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Wilburn: Tips to keep your fresh produce staying fresh
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When buying fresh produce, the simplest part is sometimes selecting it. As soon as you leave the store, your mission is to keep it fresh.

Which means the first line of defense starts in the car — and go directly home from the market!

Produce may decline in quality if left sitting in your car, especially when it is warm. Produce that tastes best stored at room temperature includes melons, onions, potatoes, sweet potatoes, tomatoes and winter squashes. Store produce in a clean, dry, well-ventilated place, away from direct sunlight.

Some produce can be ripened on the counter and then stored in the refrigerator. Examples include peaches, pears and plums. Most other produce keeps best when stored in a clean refrigerator at a temperature of 40 F or below.

Use your refrigerator crisper drawer for whole produce. Store fruits in a separate crisper drawer from vegetables. Fruits give off ethylene gas, which can shorten the storage life of vegetables. Some vegetables give off odors that can be absorbed by fruits.

Refrigerate produce in perforated plastic bags to help maintain moisture yet provide air flow. If you don’t have access to commercial, perforated bags, use a sharp object to make several small holes in a food-grade plastic bag.

Wash hands before working with produce. Wash produce thoroughly under clean, running water. Wash produce just before you use it, NOT when you bring it home.

Area farmers markets are open
We are fortunate in Hall County to have locally grown produce available at two different locations. You can shop during the week or on the weekend, early or later. Read below to see what best fits your schedule. Come by either location for fresh, healthy and delicious fruits and vegetables and support your local farmers and vendors. You can also purchase plants, herbs, honey and a wide assortment of other locally grown products.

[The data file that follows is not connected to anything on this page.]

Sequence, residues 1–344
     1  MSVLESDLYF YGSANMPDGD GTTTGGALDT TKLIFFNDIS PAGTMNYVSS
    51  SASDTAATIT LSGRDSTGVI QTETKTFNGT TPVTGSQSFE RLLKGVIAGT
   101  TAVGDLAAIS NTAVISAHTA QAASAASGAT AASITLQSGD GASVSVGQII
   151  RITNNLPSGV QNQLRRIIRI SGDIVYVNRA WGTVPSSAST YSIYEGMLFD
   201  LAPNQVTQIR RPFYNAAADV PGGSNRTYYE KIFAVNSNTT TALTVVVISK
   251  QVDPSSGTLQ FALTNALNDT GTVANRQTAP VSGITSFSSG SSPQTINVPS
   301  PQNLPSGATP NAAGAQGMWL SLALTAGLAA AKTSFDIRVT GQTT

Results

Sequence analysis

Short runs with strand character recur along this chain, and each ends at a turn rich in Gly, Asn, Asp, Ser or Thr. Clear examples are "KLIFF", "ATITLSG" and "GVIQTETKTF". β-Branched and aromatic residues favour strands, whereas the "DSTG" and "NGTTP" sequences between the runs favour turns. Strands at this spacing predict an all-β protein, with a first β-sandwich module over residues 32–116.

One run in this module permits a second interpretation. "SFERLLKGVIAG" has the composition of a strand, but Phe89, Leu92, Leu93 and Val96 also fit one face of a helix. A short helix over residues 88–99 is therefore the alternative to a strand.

The Hall County Farmers Market is now open on Tuesdays starting at 6 a.m. until sell out and Saturdays 7 a.m. until sellout. The farmer’s market is located on the corner of East Crescent Drive and Jesse Jewell Parkway just off 985 at exit 24.

The Historic Downtown Gainesville Market on the Square is open each Friday from 2:30 to 6:30 p.m. The market is set up in the parking lot at Main and Spring Streets.

Canning, freezing and food preservation class July 14.

The Hall County Extension, in partnership with the Hall County Library System, will be offering a food preservation class on up-to-date resources for canning, freezing, drying, jelly making and pickling from 1-3 p.m. July 14 at the East Hall branch, 2435 Old Cornelia Highway, Gainesville. The cost of the program is $3 (per person or family). Registration is required by July 12; call 770-532-3311, ext 161. The $3 fee may be paid the day of the class.

This two-hour class provides basic resources as well as information on food preservation brochures, books, websites, online courses and DVDs. Everyone attending will receive a packet of information. So whether you are a beginner or experienced food preserver, come join us.

Debbie Wilburn is county extension agent in family and consumer science with the Hall County Extension. Contact: 770-535-8290.